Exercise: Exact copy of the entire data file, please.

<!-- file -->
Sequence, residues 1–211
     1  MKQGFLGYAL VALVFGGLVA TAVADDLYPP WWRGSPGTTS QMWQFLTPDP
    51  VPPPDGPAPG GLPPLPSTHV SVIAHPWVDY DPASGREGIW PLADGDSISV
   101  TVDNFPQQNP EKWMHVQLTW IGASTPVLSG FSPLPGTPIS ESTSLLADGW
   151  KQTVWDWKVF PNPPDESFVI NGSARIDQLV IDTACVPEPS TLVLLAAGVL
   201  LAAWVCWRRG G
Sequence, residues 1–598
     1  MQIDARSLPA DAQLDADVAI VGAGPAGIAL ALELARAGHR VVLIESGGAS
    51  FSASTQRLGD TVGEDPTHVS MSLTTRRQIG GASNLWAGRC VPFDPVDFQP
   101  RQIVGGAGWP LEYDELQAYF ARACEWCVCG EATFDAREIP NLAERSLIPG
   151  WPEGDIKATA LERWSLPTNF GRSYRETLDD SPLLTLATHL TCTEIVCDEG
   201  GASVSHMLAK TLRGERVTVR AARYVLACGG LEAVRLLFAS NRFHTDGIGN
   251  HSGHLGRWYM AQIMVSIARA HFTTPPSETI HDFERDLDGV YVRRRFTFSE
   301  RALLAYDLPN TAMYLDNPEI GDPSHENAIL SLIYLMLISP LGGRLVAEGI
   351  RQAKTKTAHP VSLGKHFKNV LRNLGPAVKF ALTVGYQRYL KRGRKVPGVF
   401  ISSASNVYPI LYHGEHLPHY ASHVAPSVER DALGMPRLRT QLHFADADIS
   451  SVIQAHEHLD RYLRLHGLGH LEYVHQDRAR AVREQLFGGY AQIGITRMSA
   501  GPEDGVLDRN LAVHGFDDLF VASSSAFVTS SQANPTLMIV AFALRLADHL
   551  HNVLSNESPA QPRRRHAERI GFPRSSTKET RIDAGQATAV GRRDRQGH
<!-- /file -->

Sequence, residues 1–211
     1  MKQGFLGYAL VALVFGGLVA TAVADDLYPP WWRGSPGTTS QMWQFLTPDP
    51  VPPPDGPAPG GLPPLPSTHV SVIAHPWVDY DPASGREGIW PLADGDSISV
   101  TVDNFPQQNP EKWMHVQLTW IGASTPVLSG FSPLPGTPIS ESTSLLADGW
   151  KQTVWDWKVF PNPPDESFVI NGSARIDQLV IDTACVPEPS TLVLLAAGVL
   201  LAAWVCWRRG G
Sequence, residues 1–598
     1  MQIDARSLPA DAQLDADVAI VGAGPAGIAL ALELARAGHR VVLIESGGAS
    51  FSASTQRLGD TVGEDPTHVS MSLTTRRQIG GASNLWAGRC VPFDPVDFQP
   101  RQIVGGAGWP LEYDELQAYF ARACEWCVCG EATFDAREIP NLAERSLIPG
   151  WPEGDIKATA LERWSLPTNF GRSYRETLDD SPLLTLATHL TCTEIVCDEG
   201  GASVSHMLAK TLRGERVTVR AARYVLACGG LEAVRLLFAS NRFHTDGIGN
   251  HSGHLGRWYM AQIMVSIARA HFTTPPSETI HDFERDLDGV YVRRRFTFSE
   301  RALLAYDLPN TAMYLDNPEI GDPSHENAIL SLIYLMLISP LGGRLVAEGI
   351  RQAKTKTAHP VSLGKHFKNV LRNLGPAVKF ALTVGYQRYL KRGRKVPGVF
   401  ISSASNVYPI LYHGEHLPHY ASHVAPSVER DALGMPRLRT QLHFADADIS
   451  SVIQAHEHLD RYLRLHGLGH LEYVHQDRAR AVREQLFGGY AQIGITRMSA
   501  GPEDGVLDRN LAVHGFDDLF VASSSAFVTS SQANPTLMIV AFALRLADHL
   551  HNVLSNESPA QPRRRHAERI GFPRSSTKET RIDAGQATAV GRRDRQGH